Our previous rules on this particular subject were fairly simple. Essentially, we said that the site was intended to be PG certificate, and mostly left it at that. The choice of PG made some sense at the time, since the first two films had this certificate (in both the UK and US) and were pretty close to the books they were based on. It seems to me, if you want to simulate a particular literary source, you'll want to follow its conventions, and the rating is part of that. (There are, of course, sites on the internet that are ostensibly based on the HP books but allow all manner of hardcore material - that's a perfectly valid approach, but I think there is very much a place for following the theme of the books. After all, if somebody likes the books, the absence of such content might be part of their reason).

However, with time, it became clear that there were a couple of problems with this. The more obvious one, perhaps, is that the later films, once they came out, had a higher rating. In general, they had a PG-13 rating in America, and a 12-rating here in the UK - and, by implication, the same could be said of the later books. Since the message board we host on does not permit members under the age of 13 anyway, there was a good case for raising our rating to match that of the later films. I think, in practice, a number of players had done this anyway, without us jumping on them, and it made sense to formalise that.

So, when some players raised the issue with us, we polled the members of the board, and agreed to switch to a higher rating, one more in line with the later films and books - which are darker in tone than the first two. However, there is another problem with stating "this site is considered PG certificate" - what does that actually mean? The rating system of the Motion Picture Association of America is fairly vaguely defined (although the website linked to there is actually rather more informative than it was at the time) often boiling down to "if we don't think its appropriate, it isn't". And that was pretty much our rules at the time, as well. So, when we updated it, we instead used the system of the British Board of Film Classification, and went with a 12-certificate.

By adapting the rules of the BBFC to writing, rather than film, and spelling them out in detail, I think we made it much clearer what was and was not acceptable. This means that, hopefully, everyone knows where they stand, and I think that, in addition to allowing a greater freedom for players to explore their own story lines, it also makes it much clearer what we won't accept. Once again, I'm not suggesting that such detailed guidelines would be of much use in a face-to-face game, but I think there is some interest in looking at them.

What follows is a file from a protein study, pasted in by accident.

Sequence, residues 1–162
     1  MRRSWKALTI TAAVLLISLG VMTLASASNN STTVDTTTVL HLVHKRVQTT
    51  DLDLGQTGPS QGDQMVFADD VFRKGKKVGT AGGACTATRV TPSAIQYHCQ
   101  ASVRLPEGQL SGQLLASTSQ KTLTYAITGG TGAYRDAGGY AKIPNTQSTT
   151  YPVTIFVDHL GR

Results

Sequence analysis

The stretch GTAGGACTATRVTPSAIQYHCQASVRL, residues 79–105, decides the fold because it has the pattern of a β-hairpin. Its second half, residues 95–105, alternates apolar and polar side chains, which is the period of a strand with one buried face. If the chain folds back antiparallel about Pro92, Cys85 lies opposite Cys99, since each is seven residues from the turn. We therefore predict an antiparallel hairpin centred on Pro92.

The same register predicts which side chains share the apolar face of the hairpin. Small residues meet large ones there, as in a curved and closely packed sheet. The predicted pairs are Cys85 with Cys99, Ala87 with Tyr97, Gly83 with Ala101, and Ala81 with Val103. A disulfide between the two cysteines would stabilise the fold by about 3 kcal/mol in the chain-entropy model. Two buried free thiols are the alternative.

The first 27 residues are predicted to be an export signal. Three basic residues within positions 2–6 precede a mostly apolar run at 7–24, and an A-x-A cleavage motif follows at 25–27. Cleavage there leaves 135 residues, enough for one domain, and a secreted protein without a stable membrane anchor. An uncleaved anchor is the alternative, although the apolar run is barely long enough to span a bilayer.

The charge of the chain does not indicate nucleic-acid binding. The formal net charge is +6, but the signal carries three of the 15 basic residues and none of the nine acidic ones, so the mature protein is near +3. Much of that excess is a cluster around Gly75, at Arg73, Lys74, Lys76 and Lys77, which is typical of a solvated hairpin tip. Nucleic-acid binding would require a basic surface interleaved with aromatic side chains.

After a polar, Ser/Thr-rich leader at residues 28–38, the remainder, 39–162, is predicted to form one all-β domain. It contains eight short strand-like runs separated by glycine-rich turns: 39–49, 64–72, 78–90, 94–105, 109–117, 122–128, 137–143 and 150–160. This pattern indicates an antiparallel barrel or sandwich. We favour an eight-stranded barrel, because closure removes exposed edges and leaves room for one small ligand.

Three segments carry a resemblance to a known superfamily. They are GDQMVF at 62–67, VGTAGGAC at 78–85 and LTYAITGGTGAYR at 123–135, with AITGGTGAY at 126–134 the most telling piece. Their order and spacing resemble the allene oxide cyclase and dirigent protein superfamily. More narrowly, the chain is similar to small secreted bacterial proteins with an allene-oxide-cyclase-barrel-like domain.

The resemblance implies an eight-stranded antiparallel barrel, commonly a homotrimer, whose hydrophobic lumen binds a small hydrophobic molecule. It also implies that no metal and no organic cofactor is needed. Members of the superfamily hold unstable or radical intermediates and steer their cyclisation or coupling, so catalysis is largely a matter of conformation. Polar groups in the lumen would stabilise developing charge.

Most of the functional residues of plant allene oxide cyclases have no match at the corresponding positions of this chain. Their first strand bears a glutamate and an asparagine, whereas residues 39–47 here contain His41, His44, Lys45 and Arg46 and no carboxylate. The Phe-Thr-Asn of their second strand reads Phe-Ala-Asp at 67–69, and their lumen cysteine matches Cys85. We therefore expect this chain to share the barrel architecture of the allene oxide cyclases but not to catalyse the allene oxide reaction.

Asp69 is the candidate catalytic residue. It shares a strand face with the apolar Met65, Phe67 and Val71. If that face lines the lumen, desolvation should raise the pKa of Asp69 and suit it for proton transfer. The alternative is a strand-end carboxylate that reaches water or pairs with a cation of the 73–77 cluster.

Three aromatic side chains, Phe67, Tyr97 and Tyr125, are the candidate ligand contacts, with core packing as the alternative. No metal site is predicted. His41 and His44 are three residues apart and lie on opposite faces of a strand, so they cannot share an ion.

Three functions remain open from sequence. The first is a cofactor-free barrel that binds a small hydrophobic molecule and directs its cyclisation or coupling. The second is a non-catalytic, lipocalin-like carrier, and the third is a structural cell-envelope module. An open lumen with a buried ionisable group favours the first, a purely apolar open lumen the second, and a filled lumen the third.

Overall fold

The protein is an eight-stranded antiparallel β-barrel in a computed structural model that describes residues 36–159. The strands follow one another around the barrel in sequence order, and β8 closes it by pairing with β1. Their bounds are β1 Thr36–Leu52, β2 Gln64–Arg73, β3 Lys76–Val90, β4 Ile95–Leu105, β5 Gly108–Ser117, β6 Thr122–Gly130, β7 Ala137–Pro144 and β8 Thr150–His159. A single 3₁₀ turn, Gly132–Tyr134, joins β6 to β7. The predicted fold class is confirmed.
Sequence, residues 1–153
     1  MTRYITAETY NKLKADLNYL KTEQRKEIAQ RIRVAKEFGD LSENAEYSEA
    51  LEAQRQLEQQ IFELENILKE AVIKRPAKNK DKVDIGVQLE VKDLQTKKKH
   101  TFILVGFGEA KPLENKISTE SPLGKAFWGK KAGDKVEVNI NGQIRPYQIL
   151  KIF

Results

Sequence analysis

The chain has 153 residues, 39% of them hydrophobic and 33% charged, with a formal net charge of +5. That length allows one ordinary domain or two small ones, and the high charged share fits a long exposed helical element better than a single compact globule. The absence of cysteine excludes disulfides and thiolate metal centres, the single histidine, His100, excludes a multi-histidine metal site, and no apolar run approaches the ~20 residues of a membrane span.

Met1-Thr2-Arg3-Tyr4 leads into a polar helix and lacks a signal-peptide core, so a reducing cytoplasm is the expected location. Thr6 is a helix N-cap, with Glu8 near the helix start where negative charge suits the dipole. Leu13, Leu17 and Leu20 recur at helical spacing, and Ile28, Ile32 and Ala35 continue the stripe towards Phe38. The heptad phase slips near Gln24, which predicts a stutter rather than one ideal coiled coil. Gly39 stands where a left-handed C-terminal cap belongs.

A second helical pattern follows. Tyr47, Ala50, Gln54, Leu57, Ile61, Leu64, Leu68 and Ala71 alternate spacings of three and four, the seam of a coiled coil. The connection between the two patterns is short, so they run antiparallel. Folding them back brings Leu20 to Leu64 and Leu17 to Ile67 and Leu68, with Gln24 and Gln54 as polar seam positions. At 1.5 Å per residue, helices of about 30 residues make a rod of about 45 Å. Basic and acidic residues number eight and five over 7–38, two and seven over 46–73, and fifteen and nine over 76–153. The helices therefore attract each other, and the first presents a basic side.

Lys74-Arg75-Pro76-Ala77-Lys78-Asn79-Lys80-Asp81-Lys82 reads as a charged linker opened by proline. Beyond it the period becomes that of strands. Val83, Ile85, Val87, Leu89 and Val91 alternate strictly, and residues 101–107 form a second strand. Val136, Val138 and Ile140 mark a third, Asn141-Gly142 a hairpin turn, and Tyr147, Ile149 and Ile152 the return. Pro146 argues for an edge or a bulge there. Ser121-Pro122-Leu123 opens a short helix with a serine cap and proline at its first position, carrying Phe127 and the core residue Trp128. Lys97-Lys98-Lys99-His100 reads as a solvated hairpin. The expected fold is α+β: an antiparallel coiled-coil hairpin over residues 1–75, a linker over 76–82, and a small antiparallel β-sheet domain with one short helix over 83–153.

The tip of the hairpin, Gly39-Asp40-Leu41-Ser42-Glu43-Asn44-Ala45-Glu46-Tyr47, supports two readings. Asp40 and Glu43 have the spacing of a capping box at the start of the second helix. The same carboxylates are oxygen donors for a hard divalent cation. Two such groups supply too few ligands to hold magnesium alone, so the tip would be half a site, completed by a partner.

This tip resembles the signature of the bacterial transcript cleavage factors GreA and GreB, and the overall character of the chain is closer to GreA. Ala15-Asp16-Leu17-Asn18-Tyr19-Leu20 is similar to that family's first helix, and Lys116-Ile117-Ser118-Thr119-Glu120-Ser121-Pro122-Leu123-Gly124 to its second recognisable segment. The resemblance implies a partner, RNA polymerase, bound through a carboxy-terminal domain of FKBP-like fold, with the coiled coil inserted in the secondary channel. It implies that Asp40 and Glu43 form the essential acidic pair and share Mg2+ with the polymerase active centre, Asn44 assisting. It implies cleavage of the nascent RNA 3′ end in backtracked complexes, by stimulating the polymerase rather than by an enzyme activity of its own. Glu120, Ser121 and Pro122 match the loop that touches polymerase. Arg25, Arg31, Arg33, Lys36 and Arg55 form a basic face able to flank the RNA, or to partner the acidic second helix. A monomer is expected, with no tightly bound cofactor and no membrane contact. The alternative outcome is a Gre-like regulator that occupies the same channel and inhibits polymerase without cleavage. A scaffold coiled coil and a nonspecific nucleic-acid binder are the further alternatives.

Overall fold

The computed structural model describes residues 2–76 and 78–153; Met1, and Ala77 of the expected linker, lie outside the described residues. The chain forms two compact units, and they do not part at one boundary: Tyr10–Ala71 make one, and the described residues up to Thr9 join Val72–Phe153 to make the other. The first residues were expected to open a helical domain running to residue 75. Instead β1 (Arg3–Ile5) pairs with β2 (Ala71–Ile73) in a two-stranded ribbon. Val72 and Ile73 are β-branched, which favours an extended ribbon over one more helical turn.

One point to make here is that we run the game over a number of different boards, reflecting a wide range of different in-universe locations and activities. For example, there are separate boards for quidditch, magical duelling, and for magic lessons, in addition to the main one at the castle. Most of these have the same rules. However, the board that deals with the world outside the school is mainly populated by adult characters, and we felt that that made a significant difference to the sorts of stories that would be appropriate. Thus, it has the same general rating, but the actual rules are slightly more relaxed, reflecting the fact that a story in which an underage character does a particular thing may be very different from one in which an adult does the exact same activity. In practice, if one were going to extend these rules more generally, there could be a lot of changes like this, depending on the particular genre and expectations of the players.

The general theme of an RPG is the sort of thing that is normally included in a campaign description, whether any more specific ratings are needed or not. If you're playing Call of Cthulhu, its fairly obvious you're going to have a horror theme, and something that would be at least the equivalent of a 15-certificate were the game a film or video. Its also a reasonable expectation of a game like Vampire, although there is a fair degree of leeway there in just how dark the game could be (depending, for example, on how you portray the feeding).

Many other RPGs have an inherently dark theme, and this is the sort of thing that I feel it is generally useful to spell out when proposing a particular campaign, especially if it's radically different from what the group have been done in the past. In the case of our message board Hogwarts RPG, it seems to me that keeping a theme generally in keeping with the books is  good thing to do. I suspect that the inclusion of dementors, and later, of zombies, was the main reason for the 12 (or PG-13) rating the later films got, and this shows that mild horror is certainly acceptable within the genre.

There is, I think, something to be said for writing within a particular genre, and selecting limits for oneself based on that. That doesn't mean that taking a particular world and exploring some of its implications beyond what the source material covers doesn't also have its place. For instance, that the Potterverse has vampires and so on in it has some fairly dark implications that aren't explored in the books because of their target audience. I find it interesting to note though, that on our site, there seems very little demand for horror stories, although there have been some darker themes with respect to, for example, murder. Plus, we recently opened a Necromancy class, which is proving popular - and will, I suspect, lead to something a little darker than our usual fare.